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Plans to pedestrianise a large part of Bristol city centre are being fast tracked in response to the coronavirus pandemic.
A number of roads - including Corn Street, Small Street and Broad Street - could be shut to traffic under the measures.
The city council also wants to build wider pavements on a number of roads, including Stapleton Road and Bedminster Parade, so that pedestrians can continue to social distance.
Mayor Marvin Rees said the aim was to encourage more people to walk and cycle around the city, and cut traffic pollution.
He also pledged a number of measures to boost public transport around the city.
The proposed changes include:
Pedestrianising the Old City area of Bristol - by restricting vehicles during core business hours.
Introducing a bus priority route over Bristol Bridge and at the entrance to Baldwin Street - with the aim of creating more reliable bus journeys along with dedicated walking and cycling areas. Priority will be given to public transport, taxis, cycles and pedestrians travelling through the central area of Bristol. The route will be closed to general through-traffic.
New sustainable transport, walking and cycling upgrades in central areas - including Marlborough Street, Park Row, Victoria Street, Lewins Mead, Stokes Croft and the Clifton Triangle.
City-wide pavement widening for local shopping areas to enable social distancing - including Bedminster Parade, Stapleton Road, St Marks Road and Clifton Village.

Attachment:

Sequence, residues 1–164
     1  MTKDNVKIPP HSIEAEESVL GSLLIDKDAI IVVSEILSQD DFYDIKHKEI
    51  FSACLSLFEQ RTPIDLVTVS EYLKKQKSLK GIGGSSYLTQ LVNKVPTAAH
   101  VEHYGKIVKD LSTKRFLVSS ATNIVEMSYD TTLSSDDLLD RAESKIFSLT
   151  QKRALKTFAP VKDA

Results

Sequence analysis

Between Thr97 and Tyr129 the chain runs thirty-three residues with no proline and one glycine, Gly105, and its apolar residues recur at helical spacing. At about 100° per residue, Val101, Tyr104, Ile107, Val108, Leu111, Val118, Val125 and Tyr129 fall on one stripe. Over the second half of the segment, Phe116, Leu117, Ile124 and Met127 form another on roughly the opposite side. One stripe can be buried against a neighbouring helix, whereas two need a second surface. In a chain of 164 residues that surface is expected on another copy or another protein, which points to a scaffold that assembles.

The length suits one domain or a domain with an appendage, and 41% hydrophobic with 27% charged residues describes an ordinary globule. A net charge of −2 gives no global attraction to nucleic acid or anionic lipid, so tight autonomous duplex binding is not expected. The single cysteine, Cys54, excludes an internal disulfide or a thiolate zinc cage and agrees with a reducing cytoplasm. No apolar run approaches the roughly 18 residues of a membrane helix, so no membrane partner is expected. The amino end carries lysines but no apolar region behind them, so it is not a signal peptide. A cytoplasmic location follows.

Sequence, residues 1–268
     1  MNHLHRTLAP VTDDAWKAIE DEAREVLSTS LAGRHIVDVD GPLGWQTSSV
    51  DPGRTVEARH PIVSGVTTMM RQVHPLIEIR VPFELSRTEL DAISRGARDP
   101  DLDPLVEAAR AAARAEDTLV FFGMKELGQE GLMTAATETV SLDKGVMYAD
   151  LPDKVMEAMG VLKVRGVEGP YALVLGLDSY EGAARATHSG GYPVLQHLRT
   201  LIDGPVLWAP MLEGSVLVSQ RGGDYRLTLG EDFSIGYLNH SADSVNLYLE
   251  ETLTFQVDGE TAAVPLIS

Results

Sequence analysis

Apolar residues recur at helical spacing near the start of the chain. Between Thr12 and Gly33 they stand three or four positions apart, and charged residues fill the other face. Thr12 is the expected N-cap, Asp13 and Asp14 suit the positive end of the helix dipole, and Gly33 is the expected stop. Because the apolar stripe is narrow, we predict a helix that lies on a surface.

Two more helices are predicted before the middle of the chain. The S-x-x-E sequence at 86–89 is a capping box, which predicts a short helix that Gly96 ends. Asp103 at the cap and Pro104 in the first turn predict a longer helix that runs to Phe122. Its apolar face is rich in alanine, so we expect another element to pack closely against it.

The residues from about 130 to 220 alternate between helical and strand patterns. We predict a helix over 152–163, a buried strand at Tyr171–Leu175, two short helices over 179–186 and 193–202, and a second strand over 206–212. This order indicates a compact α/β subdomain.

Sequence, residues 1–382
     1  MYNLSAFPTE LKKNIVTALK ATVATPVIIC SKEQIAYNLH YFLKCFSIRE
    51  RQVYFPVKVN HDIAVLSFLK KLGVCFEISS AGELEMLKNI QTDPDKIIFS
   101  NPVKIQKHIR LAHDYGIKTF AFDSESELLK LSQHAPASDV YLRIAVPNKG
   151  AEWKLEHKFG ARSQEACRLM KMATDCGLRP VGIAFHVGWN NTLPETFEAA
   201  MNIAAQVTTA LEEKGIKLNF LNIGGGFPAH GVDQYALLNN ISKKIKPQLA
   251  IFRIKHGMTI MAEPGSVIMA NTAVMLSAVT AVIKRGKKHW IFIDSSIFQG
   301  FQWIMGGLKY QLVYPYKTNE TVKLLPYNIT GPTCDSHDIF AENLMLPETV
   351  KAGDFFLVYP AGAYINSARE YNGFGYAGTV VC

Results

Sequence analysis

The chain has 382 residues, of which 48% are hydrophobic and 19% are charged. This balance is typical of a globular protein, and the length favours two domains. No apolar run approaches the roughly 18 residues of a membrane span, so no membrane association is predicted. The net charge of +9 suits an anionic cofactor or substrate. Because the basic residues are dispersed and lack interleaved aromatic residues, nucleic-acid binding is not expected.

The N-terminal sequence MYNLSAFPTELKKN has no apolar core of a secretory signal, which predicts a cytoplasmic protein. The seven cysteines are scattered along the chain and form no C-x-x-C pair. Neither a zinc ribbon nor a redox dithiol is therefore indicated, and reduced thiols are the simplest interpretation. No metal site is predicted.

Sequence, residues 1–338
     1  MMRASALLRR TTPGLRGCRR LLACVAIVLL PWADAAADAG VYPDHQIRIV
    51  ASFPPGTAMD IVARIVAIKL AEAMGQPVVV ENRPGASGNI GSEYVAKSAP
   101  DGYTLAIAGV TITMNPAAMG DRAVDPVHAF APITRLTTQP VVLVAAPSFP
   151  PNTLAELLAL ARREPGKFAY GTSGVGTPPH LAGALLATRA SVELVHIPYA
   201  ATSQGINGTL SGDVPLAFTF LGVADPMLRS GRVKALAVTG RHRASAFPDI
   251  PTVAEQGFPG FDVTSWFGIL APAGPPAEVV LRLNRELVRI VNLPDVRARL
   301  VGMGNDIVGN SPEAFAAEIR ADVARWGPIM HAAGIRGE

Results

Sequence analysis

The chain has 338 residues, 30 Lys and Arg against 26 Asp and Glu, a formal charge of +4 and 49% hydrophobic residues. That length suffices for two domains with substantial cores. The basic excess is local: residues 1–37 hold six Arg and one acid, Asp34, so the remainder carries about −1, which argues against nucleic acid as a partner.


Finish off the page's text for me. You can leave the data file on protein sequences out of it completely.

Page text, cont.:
Working with bus providers to ensure social distancing - ensuring key workers have priority on their journey to work.
Issuing new guidelines to taxi and private vehicles regarding cleaning and infection prevention measures.
Mayor Marvin Rees said work on the Old City and Bristol Bridge proposals were already underway, but, "the coronavirus means we now need to accelerate the changes that will transform the way we travel in the city centre.
"For the future we need to ensure everyone has more travel options and these proposals are underpinned by the Bus Deal that we continue to progress, alongside our ongoing plans for mass transit."
He added: "The current situation is challenging our usual travel habits and behaviour in a way that we’ve never seen before. Many of us have already embraced more walking and cycling journeys and, whilst it is understandable bus usage has dropped, we want to protect the long-term viability of our public transport services because of their intrinsic value to communities across the city."
Councillor Kye Dudd, the Cabinet Member for Transport, said the aim was to make "neighbourhoods more people-friendly" by "establishing more liveable streets with less traffic on local roads".
He added that he recognised the proposals would "require adjustment and behaviour change", but the council believed the "the long-term benefits for everyone in Bristol outweighs the inconvenience while we make this transition".
Many of the plans were previously drawn up out through the £400m infrastructure programme in Bristol’s element of the regional Local Cycling and Walking Infrastructure Plan.
Additional funding is expected from central government, which promised £250m for regions for specific Covid-19 interventions to enable safer walking and cycling.
Bristol City Council is exploring experimental traffic orders and will hold a consultation process before final decisions are made.
Over the next couple of weeks, Bristol City Council is expected to announce further timescales for delivering the changes.
Many schemes could move forward very quickly and will be implemented as soon as designs and plans are finalised. Bristol Bridge, Baldwin Street and the Old City plans are being drawn up using the fastest routes possible, meaning they could be delivered by late summer.